- The use of an alarming subject line and body; informing recipients that their account has been suspended creates a sense of urgency and anxiety, motivating users to take action immediately without checking on the email’s authenticity,
- The mention of the recipient’s name and email address in the email body; this helps convince users that the email isn’t a generic notification but is actually addressed to them, further boosting its legitimacy, and
- The inclusion of high-quality branding elements belonging to Netflix; As you can see from the screenshots above, cybercriminals have gone to great efforts to incorporate the exact colour scheme, logo, fonts and popular imagery commonly found on Netflix pages in a bid to convince users that the email is authentic, and that it actually originates from the entertainment company. The use of a display name like ’Netflix Membership’ is also an attempt to convince the recipient that the email is, in fact, coming from a credible source associated with Netflix.
Besides the above, the inclusion of PayPal’s logo and branding is also intentional. Being a widely used and trusted online payments service supporting a plethora of online stores, PayPal is a popular target for cybercriminals, especially as more users shop online due to the closure of many physical stores during the COVID-19 pandemic. Many of us rely on PayPal as a trusted means of making and receiving payments securely, so most of us wont think twice when asked to insert our PayPal details, as in this case. Cybercriminals behind this scam are leveraging on PayPal’s trusted reputation to further convince users that the email and its links are legitimate, motivating them to provide their confidential financial details. In addition, scams that are initiated from compromised accounts (like this one) are particularly dangerous, because the emails are sent from a legitimate account, so they are not likely to be blocked by email security services.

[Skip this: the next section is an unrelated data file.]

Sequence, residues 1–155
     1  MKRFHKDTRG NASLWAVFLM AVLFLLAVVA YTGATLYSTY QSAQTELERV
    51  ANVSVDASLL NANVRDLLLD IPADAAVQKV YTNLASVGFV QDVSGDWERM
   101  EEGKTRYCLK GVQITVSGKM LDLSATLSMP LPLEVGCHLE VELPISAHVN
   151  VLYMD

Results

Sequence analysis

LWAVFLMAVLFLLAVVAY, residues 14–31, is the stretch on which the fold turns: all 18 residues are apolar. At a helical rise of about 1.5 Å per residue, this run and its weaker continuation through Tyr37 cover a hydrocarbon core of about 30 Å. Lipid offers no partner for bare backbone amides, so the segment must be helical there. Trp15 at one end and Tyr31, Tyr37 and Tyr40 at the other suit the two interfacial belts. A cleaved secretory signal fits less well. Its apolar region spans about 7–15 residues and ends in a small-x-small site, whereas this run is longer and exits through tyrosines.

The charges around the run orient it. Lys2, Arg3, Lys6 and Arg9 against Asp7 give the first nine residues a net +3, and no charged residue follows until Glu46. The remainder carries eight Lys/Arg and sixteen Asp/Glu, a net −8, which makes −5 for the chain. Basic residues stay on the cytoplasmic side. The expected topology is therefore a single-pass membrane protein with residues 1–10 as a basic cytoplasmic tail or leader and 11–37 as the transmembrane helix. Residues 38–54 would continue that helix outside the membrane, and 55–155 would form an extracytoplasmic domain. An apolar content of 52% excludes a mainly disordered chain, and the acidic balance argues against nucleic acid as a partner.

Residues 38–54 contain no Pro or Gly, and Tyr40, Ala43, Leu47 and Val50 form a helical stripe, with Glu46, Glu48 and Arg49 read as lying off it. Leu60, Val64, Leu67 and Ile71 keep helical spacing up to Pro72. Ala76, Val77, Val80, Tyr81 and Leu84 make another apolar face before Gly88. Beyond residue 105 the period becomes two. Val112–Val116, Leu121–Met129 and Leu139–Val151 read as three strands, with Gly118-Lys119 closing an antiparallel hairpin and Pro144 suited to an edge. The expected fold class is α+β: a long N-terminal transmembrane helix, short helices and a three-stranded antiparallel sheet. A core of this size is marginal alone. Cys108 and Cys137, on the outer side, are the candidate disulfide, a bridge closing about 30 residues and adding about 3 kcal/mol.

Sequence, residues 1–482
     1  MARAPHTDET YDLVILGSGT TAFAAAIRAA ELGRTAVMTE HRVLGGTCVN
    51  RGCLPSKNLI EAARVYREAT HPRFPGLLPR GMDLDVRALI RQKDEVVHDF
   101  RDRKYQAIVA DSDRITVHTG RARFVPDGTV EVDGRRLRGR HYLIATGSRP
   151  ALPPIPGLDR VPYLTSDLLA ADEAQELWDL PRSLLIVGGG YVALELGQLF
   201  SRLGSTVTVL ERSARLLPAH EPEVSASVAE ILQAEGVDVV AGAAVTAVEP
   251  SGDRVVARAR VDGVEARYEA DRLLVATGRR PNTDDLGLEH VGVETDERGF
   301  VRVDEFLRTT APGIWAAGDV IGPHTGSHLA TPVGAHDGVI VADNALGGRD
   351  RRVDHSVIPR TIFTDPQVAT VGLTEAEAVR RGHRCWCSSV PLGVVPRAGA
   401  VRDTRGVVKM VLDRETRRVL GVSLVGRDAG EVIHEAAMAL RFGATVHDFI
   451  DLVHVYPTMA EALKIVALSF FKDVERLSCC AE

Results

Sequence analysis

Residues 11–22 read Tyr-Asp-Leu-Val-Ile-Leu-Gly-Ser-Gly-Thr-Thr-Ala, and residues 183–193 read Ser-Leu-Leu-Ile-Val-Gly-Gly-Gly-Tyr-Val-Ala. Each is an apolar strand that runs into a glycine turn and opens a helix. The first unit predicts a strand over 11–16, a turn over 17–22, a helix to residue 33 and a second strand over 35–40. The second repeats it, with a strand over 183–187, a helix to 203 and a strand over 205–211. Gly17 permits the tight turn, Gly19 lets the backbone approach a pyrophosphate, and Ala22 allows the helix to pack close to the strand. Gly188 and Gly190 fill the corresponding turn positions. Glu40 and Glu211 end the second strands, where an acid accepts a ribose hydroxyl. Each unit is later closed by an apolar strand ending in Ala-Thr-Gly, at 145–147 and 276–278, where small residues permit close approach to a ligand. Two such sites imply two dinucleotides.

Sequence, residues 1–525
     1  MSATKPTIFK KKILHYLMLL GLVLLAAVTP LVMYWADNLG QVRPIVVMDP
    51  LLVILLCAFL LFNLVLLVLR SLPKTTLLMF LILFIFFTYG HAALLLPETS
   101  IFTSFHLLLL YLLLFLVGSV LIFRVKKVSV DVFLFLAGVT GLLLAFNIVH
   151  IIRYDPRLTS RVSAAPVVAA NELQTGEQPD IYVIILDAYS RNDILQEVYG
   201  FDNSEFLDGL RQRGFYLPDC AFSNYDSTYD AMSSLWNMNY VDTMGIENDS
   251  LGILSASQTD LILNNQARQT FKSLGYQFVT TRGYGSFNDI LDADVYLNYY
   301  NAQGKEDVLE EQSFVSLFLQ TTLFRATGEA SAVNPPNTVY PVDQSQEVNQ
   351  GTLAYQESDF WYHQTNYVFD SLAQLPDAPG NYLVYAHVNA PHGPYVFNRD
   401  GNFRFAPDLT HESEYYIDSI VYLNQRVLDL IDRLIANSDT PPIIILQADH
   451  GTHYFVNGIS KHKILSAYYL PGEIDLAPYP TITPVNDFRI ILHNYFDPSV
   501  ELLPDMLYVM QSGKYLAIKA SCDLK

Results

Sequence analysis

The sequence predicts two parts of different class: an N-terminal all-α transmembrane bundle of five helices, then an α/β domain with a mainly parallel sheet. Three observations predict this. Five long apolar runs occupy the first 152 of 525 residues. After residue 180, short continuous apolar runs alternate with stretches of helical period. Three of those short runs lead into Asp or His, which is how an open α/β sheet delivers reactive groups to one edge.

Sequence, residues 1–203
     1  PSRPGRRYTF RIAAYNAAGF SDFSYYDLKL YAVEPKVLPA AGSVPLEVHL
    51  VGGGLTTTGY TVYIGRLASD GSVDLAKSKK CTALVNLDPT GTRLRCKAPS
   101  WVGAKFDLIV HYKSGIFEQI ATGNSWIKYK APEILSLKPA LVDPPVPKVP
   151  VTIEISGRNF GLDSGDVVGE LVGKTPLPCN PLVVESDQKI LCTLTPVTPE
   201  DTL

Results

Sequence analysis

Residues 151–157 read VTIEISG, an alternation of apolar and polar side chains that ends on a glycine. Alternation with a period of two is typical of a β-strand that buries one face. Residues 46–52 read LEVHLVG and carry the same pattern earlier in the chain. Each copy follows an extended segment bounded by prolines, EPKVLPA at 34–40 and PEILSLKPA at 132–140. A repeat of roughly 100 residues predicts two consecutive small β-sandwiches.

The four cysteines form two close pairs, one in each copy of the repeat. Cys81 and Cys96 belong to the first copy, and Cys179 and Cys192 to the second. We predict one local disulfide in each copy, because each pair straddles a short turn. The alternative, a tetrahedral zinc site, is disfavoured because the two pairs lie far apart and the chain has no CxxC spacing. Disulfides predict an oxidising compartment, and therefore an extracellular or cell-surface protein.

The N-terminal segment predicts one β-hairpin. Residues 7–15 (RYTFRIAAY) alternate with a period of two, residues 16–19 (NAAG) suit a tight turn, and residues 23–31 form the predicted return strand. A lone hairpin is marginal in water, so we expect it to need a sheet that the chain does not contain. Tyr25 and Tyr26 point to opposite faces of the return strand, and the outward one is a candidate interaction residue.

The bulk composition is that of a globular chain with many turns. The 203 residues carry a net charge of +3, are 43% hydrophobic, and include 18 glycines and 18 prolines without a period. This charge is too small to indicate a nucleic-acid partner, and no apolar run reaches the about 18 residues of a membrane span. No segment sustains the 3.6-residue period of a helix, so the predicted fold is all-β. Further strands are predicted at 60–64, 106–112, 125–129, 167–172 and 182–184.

How to know if an email or text is actually from Netflix?
Netflix lists the following advice on its support page:
- We will never ask you to enter your personal information in a text or email. This includes:
- Credit or debit card numbers
- Bank account details
- Netflix passwords
- We will never request payment through a 3rd party vendor or website.
- If the text or email links to a URL that you don't recognize, don't tap or click it. If you did already, do not enter any information on the website that opened.
More information can be found here: https://help.netflix.com/en/node/65674
As a precaution, MailGuard urges you not to click links within emails that:
- Are not addressed to you by name.
- Appear to be from a legitimate company but use poor English, or omit personal details that a legitimate sender would include.
- Are from businesses that you were not expecting to hear from.
- Take you to a landing page or website that is not the legitimate URL of the company the email is purporting to be sent from.
One email is all that it takes
All that it takes to break into your business is a cleverly-worded email message. If scammers can trick one person in your company into clicking on a malicious link they can gain access to your data.
For a few dollars per staff member per month, you can protect your business with MailGuard's predictive and advanced email security.
Talk to a solution consultant at MailGuard today about securing your company's network.